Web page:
I had a moment this week.
Just a little moment. Don’t judge.
It was just a typical morning. I dropped my daughter off at the bus stop so she could head downtown for a robotics class. (Why yes, she is a lot smarter than me. Thanks for noticing.)
As I drove away, I caught sight of her having just settled down on the bench, legs crossed, phone in her hand, long hair blowing in the unseasonably warm autumn air.
And for just a second, I saw her like anyone else would see her. Not as my daughter, who told us three years ago that she’s trans and has been living in a way that honours who she is ever since. No. Not as that powerhouse of a girl who impresses the hell out of me every day.
For that split second, I saw her as an average teenager – albeit an exceptionally lovely one (I will never not be a biased parent, ok?) – sitting at a bus stop with a backpack slung over her shoulder, looking and behaving like many other girls her age.
And my breath caught.
“She’s beautiful,” I said to myself out loud. My eyes filled with tears, my heart filled with joy, the light turned green, and I drove off captivated by the image of Alexis in her typicality.
She just is. And that simply being, that blending, that averageness after all she’s been through, might be the most beautiful thing I’ve ever seen.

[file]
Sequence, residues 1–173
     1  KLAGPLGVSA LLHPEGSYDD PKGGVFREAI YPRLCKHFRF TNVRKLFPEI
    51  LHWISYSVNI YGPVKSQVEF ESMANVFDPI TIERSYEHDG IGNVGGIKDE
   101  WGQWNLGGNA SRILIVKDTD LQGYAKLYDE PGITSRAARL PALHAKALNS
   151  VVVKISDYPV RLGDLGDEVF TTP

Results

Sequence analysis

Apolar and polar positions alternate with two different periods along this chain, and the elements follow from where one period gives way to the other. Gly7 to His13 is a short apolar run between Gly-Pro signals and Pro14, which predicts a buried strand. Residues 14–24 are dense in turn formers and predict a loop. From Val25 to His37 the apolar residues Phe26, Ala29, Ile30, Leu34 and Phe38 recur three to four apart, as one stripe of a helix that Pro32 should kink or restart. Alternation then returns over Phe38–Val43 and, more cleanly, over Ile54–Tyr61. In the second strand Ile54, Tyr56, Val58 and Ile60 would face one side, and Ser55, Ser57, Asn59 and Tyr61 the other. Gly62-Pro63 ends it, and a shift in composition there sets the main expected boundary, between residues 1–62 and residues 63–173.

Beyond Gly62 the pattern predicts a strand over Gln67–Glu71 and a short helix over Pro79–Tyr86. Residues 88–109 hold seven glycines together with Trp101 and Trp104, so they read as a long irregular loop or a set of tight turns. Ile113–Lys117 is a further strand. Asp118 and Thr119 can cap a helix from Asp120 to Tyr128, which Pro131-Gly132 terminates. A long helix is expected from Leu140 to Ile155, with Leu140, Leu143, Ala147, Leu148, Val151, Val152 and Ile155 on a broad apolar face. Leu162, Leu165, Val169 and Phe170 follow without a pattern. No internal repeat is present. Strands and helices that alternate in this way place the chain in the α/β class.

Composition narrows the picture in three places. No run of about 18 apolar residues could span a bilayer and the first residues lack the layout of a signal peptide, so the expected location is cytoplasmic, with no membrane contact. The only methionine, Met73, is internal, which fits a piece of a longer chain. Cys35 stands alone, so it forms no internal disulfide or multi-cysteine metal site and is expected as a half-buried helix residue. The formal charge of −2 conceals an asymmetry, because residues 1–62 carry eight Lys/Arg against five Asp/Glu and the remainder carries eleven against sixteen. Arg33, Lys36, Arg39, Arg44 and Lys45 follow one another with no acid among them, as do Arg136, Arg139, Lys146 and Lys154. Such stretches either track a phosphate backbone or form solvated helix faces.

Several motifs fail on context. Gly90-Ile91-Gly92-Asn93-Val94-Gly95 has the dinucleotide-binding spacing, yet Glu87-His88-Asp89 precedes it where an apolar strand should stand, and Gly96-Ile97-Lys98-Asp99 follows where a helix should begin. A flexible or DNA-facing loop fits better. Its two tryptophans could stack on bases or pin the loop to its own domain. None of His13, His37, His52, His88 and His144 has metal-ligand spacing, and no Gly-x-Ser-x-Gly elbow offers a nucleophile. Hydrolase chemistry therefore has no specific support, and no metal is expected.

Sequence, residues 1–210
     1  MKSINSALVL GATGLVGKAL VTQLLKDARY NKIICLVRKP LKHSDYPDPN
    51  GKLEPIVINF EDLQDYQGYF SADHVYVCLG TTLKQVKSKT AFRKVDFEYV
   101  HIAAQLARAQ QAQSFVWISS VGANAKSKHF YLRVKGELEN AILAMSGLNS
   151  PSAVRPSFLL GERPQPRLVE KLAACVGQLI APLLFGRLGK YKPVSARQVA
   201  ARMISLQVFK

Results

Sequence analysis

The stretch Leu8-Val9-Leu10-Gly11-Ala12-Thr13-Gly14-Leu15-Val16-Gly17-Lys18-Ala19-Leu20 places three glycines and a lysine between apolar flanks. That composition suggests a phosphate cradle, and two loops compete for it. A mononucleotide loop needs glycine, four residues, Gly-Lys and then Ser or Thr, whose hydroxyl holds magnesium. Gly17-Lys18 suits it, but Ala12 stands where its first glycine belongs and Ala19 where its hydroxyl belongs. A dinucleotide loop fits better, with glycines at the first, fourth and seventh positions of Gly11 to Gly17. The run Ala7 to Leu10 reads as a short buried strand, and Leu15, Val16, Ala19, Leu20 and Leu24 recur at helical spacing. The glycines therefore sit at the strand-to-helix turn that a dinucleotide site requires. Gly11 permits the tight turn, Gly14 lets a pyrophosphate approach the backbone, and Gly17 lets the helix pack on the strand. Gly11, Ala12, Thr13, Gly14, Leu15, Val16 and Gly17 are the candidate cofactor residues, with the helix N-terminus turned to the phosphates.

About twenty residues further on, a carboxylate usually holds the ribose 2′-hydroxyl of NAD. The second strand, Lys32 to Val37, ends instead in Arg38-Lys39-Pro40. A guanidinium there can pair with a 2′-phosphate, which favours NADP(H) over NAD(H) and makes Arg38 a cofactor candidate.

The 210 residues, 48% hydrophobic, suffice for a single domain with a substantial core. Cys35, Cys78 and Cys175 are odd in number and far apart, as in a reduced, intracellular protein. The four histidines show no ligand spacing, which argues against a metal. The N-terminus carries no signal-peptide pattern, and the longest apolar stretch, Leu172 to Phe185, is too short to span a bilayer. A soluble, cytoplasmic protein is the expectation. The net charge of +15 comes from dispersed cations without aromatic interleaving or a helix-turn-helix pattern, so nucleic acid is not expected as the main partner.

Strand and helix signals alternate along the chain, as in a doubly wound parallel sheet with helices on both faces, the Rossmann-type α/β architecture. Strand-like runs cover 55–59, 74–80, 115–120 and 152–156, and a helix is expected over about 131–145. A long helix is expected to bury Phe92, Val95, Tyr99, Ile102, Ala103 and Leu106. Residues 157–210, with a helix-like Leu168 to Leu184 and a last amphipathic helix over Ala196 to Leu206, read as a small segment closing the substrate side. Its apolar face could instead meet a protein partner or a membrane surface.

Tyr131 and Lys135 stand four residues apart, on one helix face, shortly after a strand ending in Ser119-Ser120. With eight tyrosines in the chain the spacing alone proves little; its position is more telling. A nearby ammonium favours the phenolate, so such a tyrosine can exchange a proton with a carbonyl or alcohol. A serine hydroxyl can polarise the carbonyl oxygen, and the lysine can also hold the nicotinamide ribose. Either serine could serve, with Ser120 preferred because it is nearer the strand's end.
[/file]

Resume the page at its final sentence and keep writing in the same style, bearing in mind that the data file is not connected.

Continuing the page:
“Have you talked to your child about ‘sex change regret’?”
This was a question I was asked recently in a discussion on a friend’s Facebook post after saying I support my trans child. It’s also a question I – and countless other parents of trans kids – get asked all the damn time. Like, all the time. To the point where I want to get “Yes, I have probably been asked this question before” t-shirts made for all of us.
We call it “concern trolling,” because it’s essentially a very judgmental comment wrapped up in a concerned tone. The person isn’t usually concerned, but they are usually douchey.
“Sex change regret” or “transition regret” are terms used to describe a feeling trans people might experience once transitioning from living as the gender they were assigned at birth (in my daughter’s case, male) to the gender they identify as (again in her case, female).
And it is exceedingly, exceptionally, extraordinarily rare.
In most cases, we get asked about transition regret because there’s a belief amongst transphobic groups and some right-wing media outlets that over 80% of trans children “desist,” or “grow out of” their declaration of a different gender identity.
An argument is then made that if parents affirm the child’s declared identity, they are creating confusion or putting pressure on children stay the course, even if it was simply a “phase.” “Just let your boy wear pink!” or “just let your girl play with tools!” are commonly thrown our way, like we saw little Sally pick up a hammer one day and decided to get her a haircut and call her Simon for the rest of her life.
The Steensma study this 84% number is based on is faulty. While it’s true the majority of the children in this study went on to live life as the gender they were assigned at birth, not all the children met the criteria for gender dysphoria, which means they didn’t meet the criteria for actually being transgender. People who aren't trans don't grow up to be trans, obviously.
A review of that same study by Dr. Steensma in 2013 found kids who actually met the criteria generally grew up to live as transgender adults. Duh.